Stein Collectors International, Inc.

~ The Symbolism of Animals
Appearing on German Beer Steins ~

compiled by Walt Vogdes
(with thanks to the many people who have provided this information, especially to
Master Steinologists Gene Manusov and Mike Wald, and Les Hopper
for his translations of verses accompanying these animals)

German beer steins are rife with symbolism, and animals are a favorite device. They may appear as the primary element of the design, or as a seemingly minor embellishment of another theme; they appear in side scenes, on both inlaid and pewter lids and as thumblifts; and they are celebrated in many character steins. But what do they mean?

The cat, monkey and herring all have special meaning about drinking (how appropriate to use on a beer stein!). Of course, each of these animals is from time to time depicted in a drunken state. The caterpillar and butterfly are sometimes seen together with a lesson about drinking - "Wie die Raupe vom Schmetterling, stammt von Affen der Kater" (As a caterpillar comes from the butterfly, so does the hangover come from drunkenness). The lion, eagle, bear and wren are most often used as symbols of political dominion. The fox, pig and goat have other symbolic meanings. We also find animals poking fun at others, including the gentleman rabbit dressed in hunting clothes and armed with his rifle and game bag.

In addition to the animals listed below, we can find dogs, rabbits, boars, deer, roosters and even aligators, elephants, rhinoceros and bison on steins, but these animals have no special symbolic meaning.

The order of entries in the list below is arbitrary, except that the most common symbols associated with drinking are placed first, and the political symbols are placed last.
The German word for cat, Kater, is also used for a hangover, and the word may appear in a verse accompanying steins bearing this symbol. For example, "Hast du Kater nimm den Rath, Trink früh was du trankst spat" (If you have a hangover take my advice, Drink early what you drank last night).
The expression "to have a monkey on your back" has as much meaning in German as it does in English. Hence the monkey (Affen) symbolizes over-indulgence, and is frequently found clinging on the back of the poor fellow who is stumbling home from the Bierstube, or lurking in the corner in a tavern scene. ("Besitzest du solchen Affen, so macht kein Andrer dir zu schaffen." - Once you reach this state of drunkenness (monkey on your back) you can't get any drunker.) This monkey is prepared to abolish his hangover with his herring.

Herring are supposedly a cure for the ills of a hangover. They frequently appear in combination with other symbols of drinking, especially the cat and the monkey. In the case of this stein, the cat appears as the thumblift, and a radish adorns the top of the herring.

Ram (goat)
The word Bock means goat or ram, hence this animal is a visual reference to spring beer, known as Bock Bier. ("Stösst dich der Bock, dann trotze du. Wirft er dich um, dann gute Ruh!" - When the Bock hits you, resist; if it throws you, then have a good rest!) This image is a commercial ad for Spatenbräu Bock.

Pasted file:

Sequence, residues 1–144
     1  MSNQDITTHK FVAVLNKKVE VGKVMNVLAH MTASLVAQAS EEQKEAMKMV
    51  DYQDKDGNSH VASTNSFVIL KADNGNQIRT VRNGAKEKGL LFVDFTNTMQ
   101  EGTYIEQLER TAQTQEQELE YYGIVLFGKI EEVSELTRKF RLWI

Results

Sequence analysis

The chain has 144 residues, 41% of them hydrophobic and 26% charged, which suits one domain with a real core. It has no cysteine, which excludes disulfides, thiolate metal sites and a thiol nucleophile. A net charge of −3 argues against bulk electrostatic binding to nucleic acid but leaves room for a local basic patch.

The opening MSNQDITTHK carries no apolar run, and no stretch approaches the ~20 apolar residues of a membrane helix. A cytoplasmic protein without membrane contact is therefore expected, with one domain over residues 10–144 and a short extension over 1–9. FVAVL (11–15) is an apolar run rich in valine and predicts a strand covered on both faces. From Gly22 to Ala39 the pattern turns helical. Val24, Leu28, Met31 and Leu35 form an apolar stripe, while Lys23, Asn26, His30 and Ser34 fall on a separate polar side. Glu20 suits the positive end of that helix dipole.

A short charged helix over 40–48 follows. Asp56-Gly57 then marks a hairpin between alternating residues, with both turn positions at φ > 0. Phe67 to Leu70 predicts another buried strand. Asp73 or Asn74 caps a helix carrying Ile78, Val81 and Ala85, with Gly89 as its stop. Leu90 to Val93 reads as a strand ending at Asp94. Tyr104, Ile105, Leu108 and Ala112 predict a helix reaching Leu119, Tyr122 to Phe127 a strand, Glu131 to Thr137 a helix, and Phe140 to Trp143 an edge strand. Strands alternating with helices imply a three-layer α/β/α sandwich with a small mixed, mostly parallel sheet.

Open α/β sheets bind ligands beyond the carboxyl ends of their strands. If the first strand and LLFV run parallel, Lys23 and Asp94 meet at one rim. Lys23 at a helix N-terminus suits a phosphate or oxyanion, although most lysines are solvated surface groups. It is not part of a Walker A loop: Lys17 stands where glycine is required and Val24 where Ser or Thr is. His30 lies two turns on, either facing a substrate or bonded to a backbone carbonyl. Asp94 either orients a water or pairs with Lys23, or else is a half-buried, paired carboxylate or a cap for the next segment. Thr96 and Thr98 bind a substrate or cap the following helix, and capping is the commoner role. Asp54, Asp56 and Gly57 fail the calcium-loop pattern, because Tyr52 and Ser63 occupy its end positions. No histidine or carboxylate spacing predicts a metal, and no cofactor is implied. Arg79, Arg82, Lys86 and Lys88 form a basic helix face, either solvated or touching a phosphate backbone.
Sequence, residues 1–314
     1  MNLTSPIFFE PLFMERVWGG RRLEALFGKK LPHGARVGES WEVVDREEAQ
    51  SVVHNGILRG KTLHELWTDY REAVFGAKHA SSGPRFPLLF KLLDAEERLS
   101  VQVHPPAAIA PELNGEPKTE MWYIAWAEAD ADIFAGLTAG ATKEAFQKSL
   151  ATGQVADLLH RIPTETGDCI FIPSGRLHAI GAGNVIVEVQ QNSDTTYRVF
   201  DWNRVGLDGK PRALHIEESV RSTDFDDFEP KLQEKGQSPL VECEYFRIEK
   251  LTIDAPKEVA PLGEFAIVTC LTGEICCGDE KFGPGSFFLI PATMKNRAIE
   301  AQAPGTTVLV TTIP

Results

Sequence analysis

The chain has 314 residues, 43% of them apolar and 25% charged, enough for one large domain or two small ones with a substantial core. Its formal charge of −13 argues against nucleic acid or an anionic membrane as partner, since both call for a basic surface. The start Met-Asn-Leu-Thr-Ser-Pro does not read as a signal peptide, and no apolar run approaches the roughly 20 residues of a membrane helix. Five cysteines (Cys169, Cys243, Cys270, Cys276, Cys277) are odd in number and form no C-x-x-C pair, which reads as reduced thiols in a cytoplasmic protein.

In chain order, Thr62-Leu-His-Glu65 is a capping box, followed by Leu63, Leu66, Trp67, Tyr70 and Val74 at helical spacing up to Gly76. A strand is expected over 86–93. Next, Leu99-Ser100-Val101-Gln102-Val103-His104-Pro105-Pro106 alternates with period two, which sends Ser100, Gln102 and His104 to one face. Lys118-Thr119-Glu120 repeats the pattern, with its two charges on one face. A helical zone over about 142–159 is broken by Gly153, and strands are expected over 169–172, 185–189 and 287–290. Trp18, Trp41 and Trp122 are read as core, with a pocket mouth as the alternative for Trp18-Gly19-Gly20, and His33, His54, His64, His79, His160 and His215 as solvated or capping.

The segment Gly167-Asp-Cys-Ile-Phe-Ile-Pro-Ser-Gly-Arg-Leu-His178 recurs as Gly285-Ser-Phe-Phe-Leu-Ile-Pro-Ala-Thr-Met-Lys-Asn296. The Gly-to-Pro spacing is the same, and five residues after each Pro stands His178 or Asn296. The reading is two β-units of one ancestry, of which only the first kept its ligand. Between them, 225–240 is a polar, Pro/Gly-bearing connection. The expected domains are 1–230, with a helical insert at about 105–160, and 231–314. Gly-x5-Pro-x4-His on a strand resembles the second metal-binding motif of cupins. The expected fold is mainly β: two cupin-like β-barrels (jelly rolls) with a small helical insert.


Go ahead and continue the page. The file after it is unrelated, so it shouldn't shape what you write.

Frogs are frequently depicted on beer steins, and while they don't have specific symbolic meaning, they do suggest a life immersed in fluid. ("Willst du nicht dem Frosche gleich im Sumpf versinken steige in Gambrinus Reich wo volle humpen winken." - If you don't want to sink into the swamp like a frog, climb into Gambrinus' empire where full steins beckon.)
As in America, the fox is a symbol of slyness and cunning. In German the word Fuchs is also used to refer to first-year university students. The fox may of course be found in hunting themes, but on a student stein it refers to the underclassman. There are also several fox character steins in which the fox wears the hat, coat and sash of a student duelist! Here a Fuchs embraces his beer in student tradition.

Symbol of wisdom, scholarliness. Owl character steins sometimes incorporate one single word - Bibite - which means to drink (some would say from the fount of knowledge, others would say that is far too stringent an interpretation!). The owl is often featured as the thumblift on steins which extol learning or wisdom.

Frequently seen on bowling steins, the pig is a symbol of good luck. ("Vie Schwein viel Glück!" - Plenty of pig, plenty of luck!)
The spread-winged eagle is a symbol of Prussia as well as the German Empire. It is often found as a thumblift on regimental steins, or as the primary decorative element in any patriotic stein.
In it's most prevalent use the lion is a direct reference to the German state of Bavaria. It is also used as the trademark of Löwenbräu (Lion brewery) beer, and will occasionally appear as a state symbol of Switzerland. On steins where the main scene portrays the city of Munich, the Bavarian lion is frequently incorporated into the pewter lid or thumblift.
A symbol of strength, the bear is also the symbol for the city of Berlin.
Wren (sparrow)
The Spätze, the wren or sparrow, is the symbol of the city of Ulm. It commonly appears as part of the decoration or as the thumblift on regimental steins for units which were garrisoned in that city.